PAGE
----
Advanced vascular function discovered in a widespread moss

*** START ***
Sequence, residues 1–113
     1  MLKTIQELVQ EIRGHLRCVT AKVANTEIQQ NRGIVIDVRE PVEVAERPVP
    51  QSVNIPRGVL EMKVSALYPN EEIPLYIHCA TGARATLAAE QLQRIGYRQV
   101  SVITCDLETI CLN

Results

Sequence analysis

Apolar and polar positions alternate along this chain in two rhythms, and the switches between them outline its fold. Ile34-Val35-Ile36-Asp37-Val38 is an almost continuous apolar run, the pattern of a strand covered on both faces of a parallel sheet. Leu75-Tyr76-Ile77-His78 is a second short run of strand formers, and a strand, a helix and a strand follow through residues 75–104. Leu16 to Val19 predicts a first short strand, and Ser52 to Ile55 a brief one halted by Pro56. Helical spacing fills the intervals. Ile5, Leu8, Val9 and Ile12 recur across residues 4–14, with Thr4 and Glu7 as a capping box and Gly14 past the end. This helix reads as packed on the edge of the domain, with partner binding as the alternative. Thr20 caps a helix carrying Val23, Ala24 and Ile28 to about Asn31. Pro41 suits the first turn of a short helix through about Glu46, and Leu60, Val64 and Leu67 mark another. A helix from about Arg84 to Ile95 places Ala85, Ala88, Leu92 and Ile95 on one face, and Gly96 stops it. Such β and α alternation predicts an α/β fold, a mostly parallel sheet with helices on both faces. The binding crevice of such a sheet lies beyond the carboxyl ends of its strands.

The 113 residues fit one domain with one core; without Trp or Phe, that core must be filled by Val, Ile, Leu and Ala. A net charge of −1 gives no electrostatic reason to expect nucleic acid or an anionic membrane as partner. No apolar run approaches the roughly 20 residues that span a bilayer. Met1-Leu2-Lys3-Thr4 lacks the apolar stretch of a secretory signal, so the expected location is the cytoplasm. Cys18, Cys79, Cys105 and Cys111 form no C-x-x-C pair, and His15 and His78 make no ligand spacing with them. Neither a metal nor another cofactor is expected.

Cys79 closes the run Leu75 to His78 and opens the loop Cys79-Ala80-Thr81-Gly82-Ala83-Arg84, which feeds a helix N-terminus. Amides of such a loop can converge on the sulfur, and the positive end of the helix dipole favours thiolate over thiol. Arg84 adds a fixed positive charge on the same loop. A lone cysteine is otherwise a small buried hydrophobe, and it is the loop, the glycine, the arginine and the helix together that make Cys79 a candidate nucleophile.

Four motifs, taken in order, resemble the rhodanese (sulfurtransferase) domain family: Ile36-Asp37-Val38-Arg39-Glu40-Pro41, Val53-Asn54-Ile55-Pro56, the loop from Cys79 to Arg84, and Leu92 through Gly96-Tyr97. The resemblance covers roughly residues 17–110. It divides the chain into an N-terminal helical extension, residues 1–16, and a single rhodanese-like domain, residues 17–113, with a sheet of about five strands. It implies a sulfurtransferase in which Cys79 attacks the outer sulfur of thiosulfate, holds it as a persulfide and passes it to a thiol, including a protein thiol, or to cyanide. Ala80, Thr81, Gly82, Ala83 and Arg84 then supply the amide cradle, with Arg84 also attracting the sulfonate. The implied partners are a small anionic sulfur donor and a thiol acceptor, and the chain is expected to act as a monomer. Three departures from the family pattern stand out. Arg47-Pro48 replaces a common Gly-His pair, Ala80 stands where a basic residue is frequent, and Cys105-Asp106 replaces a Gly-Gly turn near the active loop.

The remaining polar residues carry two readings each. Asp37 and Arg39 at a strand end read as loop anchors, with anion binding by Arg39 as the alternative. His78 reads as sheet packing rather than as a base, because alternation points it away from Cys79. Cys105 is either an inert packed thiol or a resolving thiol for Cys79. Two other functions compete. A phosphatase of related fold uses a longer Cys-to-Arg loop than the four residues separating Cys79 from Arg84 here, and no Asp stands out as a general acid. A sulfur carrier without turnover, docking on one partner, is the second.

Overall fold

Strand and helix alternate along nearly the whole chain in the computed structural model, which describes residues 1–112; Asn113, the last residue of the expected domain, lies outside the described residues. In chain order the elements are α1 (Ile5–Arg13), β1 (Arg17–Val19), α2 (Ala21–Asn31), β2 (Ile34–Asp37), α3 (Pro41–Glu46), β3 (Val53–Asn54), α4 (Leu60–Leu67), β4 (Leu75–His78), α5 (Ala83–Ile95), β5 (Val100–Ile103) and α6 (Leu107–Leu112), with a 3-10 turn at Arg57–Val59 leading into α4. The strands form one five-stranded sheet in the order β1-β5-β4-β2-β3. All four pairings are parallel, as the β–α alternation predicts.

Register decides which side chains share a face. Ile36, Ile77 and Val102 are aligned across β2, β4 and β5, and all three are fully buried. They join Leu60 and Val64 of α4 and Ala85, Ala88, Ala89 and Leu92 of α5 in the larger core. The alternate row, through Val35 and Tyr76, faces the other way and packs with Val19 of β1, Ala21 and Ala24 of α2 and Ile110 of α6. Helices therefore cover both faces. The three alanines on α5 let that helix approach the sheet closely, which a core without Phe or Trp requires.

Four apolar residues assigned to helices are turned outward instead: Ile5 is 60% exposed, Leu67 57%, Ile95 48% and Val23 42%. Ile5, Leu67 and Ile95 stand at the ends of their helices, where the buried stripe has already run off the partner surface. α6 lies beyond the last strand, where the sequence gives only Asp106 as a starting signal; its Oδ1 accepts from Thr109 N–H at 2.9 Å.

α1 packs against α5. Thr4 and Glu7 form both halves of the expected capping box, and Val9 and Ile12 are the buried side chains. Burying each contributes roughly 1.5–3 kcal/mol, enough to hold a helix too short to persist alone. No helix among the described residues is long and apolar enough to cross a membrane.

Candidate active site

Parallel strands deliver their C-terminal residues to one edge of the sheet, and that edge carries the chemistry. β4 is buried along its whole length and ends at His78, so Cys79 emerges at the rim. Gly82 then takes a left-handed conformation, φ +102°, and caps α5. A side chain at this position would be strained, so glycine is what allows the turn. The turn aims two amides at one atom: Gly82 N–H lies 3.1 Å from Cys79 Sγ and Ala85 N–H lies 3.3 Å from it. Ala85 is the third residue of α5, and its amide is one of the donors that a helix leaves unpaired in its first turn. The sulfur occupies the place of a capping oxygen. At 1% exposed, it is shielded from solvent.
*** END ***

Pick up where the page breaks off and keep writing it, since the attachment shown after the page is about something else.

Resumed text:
The evolution of terrestrial plants capable of growing upwards into the dry atmosphere profoundly transformed the Earth. A transition from small, ‘non-vascular’ bryophytes to arborescent vascular plants during the Devonian period is partially attributed to the evolutionary innovation of an internal vascular system capable of functioning under the substantial water tension associated with vascular water transport. Here, we show that vascular function in one of the most widespread living bryophytes (Polytrichum commune) exhibits strong functional parallels with the vascular systems of higher plants. These parallels include vascular conduits in Polytrichum that resist buckling while transporting water under tension, and leaves capable of regulating transpiration, permitting photosynthetic gas exchange without cavitation inside the vascular system. The advanced vascular function discovered in this tallest bryophyte family contrasts with the highly inefficient water use found in their leaves, emphasizing the importance of stomatal evolution enabling photosynthesis far above the soil surface.